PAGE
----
This is the third in a series of blog posts that talk about reinforced Solder Preforms for high–reliability and low voiding. This post will focus on how InFORMS® affect bondline consistency and why this is an important variable to consider.
The stand-off that is embedded into the solder limits the collapse of the molten solder. If the component weight is greater than the surface tension of the solder when the solder melts, the part will sink into the solder. When the solder solidifies, it is unlikely it will remain planar unless there is a stand-off for the component to rest upon.
In work done by James Booth and his colleagues at Dynex Semiconductor Ltd. UK and Indium Corporation’s Karthik Vijay , a reinforced solder preform was used in an IGBT assembly to bond the DBC to the baseplate. In this study, a 95Sn/5Sb solder preform was embedded with a stand-off thickness of 0.008 inches. The assembly process, like most IGBTs, was done in a fluxless, vacuum reflow process. After reflow, they looked at overall device planarity as well as thermal cycling reliability.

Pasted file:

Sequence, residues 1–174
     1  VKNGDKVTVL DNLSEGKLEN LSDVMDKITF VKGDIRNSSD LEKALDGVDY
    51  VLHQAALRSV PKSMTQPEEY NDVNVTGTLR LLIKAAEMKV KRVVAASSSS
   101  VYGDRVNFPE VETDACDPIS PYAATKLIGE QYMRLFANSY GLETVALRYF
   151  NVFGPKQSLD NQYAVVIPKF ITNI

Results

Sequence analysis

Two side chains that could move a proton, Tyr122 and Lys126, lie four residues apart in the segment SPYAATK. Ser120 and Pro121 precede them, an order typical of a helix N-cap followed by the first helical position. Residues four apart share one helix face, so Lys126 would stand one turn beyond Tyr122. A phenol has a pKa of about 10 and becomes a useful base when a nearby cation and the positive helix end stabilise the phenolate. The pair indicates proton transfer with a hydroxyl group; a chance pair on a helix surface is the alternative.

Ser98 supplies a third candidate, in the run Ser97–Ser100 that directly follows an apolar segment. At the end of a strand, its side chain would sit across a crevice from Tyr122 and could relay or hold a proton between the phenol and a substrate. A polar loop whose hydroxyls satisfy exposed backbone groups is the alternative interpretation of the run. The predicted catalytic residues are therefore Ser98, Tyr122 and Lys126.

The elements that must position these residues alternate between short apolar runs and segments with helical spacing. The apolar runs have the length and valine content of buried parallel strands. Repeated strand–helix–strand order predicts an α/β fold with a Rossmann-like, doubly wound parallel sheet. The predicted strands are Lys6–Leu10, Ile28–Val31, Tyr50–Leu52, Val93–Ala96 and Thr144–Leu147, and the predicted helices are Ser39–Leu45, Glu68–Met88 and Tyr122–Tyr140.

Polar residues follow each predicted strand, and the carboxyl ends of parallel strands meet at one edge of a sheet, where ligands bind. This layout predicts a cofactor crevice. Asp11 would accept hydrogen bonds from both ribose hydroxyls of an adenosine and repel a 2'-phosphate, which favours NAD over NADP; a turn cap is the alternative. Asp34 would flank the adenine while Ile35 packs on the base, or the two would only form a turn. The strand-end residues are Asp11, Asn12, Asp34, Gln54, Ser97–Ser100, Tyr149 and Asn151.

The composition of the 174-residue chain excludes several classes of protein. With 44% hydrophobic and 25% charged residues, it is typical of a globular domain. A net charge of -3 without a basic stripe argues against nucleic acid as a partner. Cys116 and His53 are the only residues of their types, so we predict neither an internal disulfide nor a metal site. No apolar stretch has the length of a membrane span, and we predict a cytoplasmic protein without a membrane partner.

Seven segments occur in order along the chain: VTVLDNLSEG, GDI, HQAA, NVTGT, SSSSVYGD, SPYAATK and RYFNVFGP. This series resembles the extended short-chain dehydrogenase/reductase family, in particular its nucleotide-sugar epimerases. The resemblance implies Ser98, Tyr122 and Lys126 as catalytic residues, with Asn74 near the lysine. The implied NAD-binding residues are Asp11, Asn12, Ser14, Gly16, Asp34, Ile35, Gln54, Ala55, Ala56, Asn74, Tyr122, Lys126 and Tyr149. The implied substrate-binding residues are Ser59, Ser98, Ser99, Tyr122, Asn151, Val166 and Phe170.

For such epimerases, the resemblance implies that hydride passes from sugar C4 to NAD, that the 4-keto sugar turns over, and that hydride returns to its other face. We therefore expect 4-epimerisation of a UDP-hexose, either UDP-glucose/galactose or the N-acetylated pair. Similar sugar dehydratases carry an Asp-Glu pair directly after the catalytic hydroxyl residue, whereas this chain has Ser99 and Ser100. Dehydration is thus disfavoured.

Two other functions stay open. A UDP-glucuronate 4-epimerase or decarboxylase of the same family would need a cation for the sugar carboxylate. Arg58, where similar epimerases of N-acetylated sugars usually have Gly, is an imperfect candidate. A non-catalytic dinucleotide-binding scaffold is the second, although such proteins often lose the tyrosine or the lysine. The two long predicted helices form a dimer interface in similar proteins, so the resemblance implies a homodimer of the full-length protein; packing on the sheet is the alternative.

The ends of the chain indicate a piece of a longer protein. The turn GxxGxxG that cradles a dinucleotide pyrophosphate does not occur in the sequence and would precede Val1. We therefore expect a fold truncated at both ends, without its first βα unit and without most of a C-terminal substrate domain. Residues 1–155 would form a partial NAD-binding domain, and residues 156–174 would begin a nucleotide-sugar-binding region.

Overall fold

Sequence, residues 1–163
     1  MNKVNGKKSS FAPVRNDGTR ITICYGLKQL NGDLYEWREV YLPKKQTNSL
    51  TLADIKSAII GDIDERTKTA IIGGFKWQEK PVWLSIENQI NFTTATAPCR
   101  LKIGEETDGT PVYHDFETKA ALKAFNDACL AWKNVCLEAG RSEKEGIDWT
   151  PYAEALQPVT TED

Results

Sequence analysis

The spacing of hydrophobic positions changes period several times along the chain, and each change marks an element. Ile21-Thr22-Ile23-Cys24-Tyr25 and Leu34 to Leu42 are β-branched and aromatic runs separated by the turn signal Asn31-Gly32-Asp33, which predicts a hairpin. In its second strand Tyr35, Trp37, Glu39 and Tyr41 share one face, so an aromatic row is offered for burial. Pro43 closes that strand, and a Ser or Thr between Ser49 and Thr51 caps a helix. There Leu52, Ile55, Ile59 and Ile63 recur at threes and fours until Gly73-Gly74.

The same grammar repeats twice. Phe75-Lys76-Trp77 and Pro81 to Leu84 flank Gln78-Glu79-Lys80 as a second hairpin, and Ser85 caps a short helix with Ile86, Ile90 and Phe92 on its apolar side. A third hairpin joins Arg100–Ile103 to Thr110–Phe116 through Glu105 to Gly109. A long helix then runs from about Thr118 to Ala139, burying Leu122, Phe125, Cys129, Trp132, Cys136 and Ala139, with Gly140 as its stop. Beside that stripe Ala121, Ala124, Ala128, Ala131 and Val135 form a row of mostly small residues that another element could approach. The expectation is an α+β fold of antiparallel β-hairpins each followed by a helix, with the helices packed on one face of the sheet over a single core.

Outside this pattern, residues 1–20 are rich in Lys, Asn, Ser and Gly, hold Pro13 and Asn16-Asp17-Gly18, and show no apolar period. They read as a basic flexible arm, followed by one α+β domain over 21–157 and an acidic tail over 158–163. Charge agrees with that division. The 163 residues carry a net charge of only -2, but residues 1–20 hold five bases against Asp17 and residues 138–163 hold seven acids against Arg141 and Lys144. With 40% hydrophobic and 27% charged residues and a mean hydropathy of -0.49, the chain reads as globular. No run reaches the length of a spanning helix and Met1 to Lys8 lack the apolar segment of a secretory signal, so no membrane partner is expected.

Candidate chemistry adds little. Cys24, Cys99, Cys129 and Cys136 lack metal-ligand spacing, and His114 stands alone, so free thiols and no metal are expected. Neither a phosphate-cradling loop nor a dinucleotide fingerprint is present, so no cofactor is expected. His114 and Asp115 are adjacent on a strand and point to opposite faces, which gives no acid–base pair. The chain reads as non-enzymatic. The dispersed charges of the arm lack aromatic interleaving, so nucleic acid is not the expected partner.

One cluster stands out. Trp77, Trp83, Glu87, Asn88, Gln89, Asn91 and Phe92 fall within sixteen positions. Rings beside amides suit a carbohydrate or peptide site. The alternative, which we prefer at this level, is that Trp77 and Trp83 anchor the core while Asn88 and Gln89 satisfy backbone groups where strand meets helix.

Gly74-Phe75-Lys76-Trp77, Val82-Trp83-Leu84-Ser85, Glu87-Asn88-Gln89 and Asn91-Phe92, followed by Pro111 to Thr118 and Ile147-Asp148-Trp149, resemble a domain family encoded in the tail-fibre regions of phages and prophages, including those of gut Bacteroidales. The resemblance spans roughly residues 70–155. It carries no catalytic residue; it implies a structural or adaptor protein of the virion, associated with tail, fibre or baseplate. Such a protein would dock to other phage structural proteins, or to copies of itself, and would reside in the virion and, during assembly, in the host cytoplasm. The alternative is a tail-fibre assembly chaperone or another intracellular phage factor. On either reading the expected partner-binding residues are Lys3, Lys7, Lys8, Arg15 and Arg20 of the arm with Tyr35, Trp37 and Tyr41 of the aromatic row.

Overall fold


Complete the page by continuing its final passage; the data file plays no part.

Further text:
The images below show laser profilometer of an IGBT assembled with a reinforced solder preform next to one assembled with just a standard solder preform (no stand-off). When assembled using the preform with the built in stand-off, the overall co-planarity was better, with a mean deviation of 52.5 micron for the InFORM versus 67.5 microns with a standard preform. The maximum deflection for the reinforced solder preform was 60 microns while the standard preform had a maximum deflection of 90 microns. The IGBT assembled using the reinforced solder produced better co-planarity than the one using standard solder. The reinforced solder preform resulted in solder joints that have a much more consistent bondline thickness.
Additionally, they ran thermal cycling from -50°C to 150°C with one-hour dwells. The C-SAM images shown below compare a standard solder after 600 cycles to a reinforced solder preform after 800 cycles. The standard solder is showing delamination, which is believed to be a result of an inconsistent bondline thickness. Even after 200 additional cycles, the reinforced solder joint shows no delamination. This provides sufficient evidence that the bondline consistency has a positive impact on overall solder joint reliability.
My next post will discuss the design of experiments to determine InFORM® voiding characteristics.
'Til Next Time,